How To Explain STI Risks to Teenagers
Talking to your teen or pre-teen about sex can certainly be uncomfortable, but it can help them make smart decisions and protect themselves from unplanned pregnancy and sexually transmitted infections.
Based recent data, almost half of all 9th to 12th graders have engaged in sexual intercourse at least once. Fifteen percent of these sexually active teens report having had intercourse with four or more partners. Despite having some sexual education in their school curriculum, almost 40% of sexually active high school students did not use a condom during their last sexual encounter. When they do not use condoms, teens are at a much higher risk for contracting a sexually transmitted infection.
Teens are particularly at risk for STIs because their feelings of invincibility make them prone to engage in unprotected sex. That is why almost 10,000 people between the age of 13 and 24 were diagnosed with HIV in 2013. About half of the 20 million new STI cases last year were among people between the age of 15 and 24. It is important to remind teens and young adults that these infections are common in their age group; whether it’s the first time or the fifth time they engage in sexual activity, they need to know the risks and take proper precautions to protect themselves.
Why Talking to Your Teen is Important
Fifty percent of teens report feeling uncomfortable talking to their parents about sex. Teens who are uncomfortable even mentioning sex to parents are very unlikely to ask for help when unusual symptoms appear and they need to be tested or treated for an STI. This fear can be extremely dangerous because an untreated STI can have serious consequences. For example, chlamydia, one of the most common STIs, can often go untreated and cause pelvic inflammatory disease, which can result in further complications such as infertility.
Most high school students already know the basic facts about condom use, pregnancy, and STIs. However, if they feel uncomfortable reaching out to parents with questions or concerns, they are likely turn towards the Internet or peers, which could result in incorrect and possibly harmful information. Parents that talk to theirs teens about STIs or sex in general may encourage those teens to be more comfortable talking to their parents in the future about other questions. Teens that talk openly about topics related to sexuality are more likely to delay their first sexual experience, have fewer partners, and use condoms and other contraceptives.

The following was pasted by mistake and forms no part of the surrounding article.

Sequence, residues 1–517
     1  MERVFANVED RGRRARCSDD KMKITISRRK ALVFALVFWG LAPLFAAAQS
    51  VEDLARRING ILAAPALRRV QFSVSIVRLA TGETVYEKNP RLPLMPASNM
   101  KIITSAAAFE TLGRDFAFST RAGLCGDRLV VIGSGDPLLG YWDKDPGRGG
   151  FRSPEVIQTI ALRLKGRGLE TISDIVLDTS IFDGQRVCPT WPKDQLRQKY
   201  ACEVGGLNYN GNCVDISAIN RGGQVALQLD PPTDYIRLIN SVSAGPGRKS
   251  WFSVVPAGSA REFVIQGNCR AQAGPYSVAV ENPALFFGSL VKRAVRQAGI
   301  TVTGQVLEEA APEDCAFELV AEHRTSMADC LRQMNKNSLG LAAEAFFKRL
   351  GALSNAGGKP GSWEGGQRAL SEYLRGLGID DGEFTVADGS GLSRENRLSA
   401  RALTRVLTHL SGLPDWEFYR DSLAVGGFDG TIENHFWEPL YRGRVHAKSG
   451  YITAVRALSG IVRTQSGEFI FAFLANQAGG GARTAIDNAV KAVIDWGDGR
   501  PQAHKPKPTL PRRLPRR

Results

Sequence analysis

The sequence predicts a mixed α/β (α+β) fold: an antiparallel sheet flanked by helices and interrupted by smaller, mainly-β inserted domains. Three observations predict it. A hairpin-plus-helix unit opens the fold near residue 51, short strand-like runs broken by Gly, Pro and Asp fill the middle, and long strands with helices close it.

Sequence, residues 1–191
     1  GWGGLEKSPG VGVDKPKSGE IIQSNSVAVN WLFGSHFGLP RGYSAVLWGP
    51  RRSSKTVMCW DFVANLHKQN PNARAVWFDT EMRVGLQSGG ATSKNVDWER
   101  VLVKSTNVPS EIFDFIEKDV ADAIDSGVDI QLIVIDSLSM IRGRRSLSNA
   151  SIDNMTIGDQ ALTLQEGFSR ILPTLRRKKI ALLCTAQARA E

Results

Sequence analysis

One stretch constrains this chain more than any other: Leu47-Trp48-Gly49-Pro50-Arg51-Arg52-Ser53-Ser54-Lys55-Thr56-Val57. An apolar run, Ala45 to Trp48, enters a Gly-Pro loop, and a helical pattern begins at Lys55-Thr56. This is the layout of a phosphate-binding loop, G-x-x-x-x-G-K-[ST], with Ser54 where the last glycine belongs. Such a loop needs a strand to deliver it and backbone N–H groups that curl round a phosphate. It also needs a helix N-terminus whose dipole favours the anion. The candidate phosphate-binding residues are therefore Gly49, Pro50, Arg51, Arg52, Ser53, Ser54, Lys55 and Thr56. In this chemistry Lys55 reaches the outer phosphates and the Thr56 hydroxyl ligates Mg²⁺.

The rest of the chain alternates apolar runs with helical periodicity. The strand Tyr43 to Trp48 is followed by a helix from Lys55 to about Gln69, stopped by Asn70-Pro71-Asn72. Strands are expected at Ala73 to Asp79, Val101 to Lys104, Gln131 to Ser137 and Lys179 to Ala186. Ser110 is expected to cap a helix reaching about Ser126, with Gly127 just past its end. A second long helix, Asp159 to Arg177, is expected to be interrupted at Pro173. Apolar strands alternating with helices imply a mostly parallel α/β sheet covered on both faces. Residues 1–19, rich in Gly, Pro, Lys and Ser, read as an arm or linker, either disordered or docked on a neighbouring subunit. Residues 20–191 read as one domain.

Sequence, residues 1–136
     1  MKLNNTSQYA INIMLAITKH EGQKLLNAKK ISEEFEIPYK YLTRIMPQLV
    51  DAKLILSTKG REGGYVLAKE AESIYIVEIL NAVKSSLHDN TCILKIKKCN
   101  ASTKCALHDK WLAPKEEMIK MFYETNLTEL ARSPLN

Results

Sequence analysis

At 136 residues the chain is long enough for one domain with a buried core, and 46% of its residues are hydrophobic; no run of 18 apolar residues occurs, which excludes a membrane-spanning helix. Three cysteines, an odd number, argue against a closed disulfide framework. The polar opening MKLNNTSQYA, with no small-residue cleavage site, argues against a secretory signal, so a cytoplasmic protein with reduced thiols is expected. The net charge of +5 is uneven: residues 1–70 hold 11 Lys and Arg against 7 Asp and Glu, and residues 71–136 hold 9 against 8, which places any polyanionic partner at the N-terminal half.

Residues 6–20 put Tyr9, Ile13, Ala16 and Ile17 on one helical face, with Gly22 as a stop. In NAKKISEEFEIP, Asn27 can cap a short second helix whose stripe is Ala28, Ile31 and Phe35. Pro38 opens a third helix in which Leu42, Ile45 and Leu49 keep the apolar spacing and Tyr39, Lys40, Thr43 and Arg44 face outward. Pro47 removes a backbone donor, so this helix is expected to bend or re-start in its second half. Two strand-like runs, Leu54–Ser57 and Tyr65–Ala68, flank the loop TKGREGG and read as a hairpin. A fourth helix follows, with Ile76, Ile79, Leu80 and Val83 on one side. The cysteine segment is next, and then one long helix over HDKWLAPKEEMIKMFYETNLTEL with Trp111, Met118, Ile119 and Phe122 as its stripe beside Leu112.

Some schools provide “abstinence-only” education, which can leave the students without the important knowledge they need to be safe and health. Those students especially need parents who will discuss sexual risks with them.
What Can You Do?
Sexual education at school can be reinforced or supplemented at home to be more effective. Schools and physicians can present the facts, but cannot personalize sexual education to each student’s specific values, cultures, and beliefs. Parents, in contrast, can fit sexual education into their child’s existing health and cultural framework in a way they will understand and relate to.
You have nothing to lose and everything to gain by talking to your teens about sex. Studies have shown that teaching sex education, including encouraging condom use or other forms of contraception, does not make teens more likely to engage in sexual activity; it can even delay the onset of sexual intercourse. Starting a conversation with teens about sexually transmitted infections can help them stay healthy and safe, as well as promote open communication in the future.
What They Need to Know
Teens and preteens need information that is practical, relevant, and correct. Tell them that the best ways to avoid getting an STI are always use condoms, limit the number of sexual partners, or abstaining from sexual activity of any kind. Some of the most common STIs, such as chlamydia and gonorrhea, rarely show symptoms (especially in females), so encourage regular testing to protect themselves against the long-term consequences of these diseases. Explain how to recognize an STI, what symptoms they might experience, and assure them that you are there in case they need help. The three most common STIs in adolescents are HPV, trichomoniasis, and chlamydia, so being aware of the symptoms for these diseases is particularly beneficial helpful. Tell your teens where they can go to get tested or find more resources on STI prevention.
How to Start the Conversation
Look for opportunities to start talking to your teen about their sexual health in everyday life. Many songs, advertisements, movies, or TV shows present topics that could be used to start a discussion. Since most teens feel uncomfortable talking about these subjects, you might want to start the discussion by addressing the fact that while it is a little awkward to talk about, sexual health is a perfectly natural part of life. Remind them that they should not feel embarrassed talking about sexuality, especially when it comes to their health. Use simple language and a casual tone to reinforce that this is not an unnatural, embarrassing, or off-limits topic.
Let your teen or pre-teen know from the start that you are interested in their opinions, perspectives, and questions.
The best time to start the conversation is anywhere in the late childhood to preteen years, but it is never too late! Talking to your child before they start sexual activity is the best way to ensure that they can make informed decisions and practice the safest habits. If your teen is already well into high school years, do not think that you’ve missed your window of opportunity. It is never too late to start an open conversation about sexuality and health.
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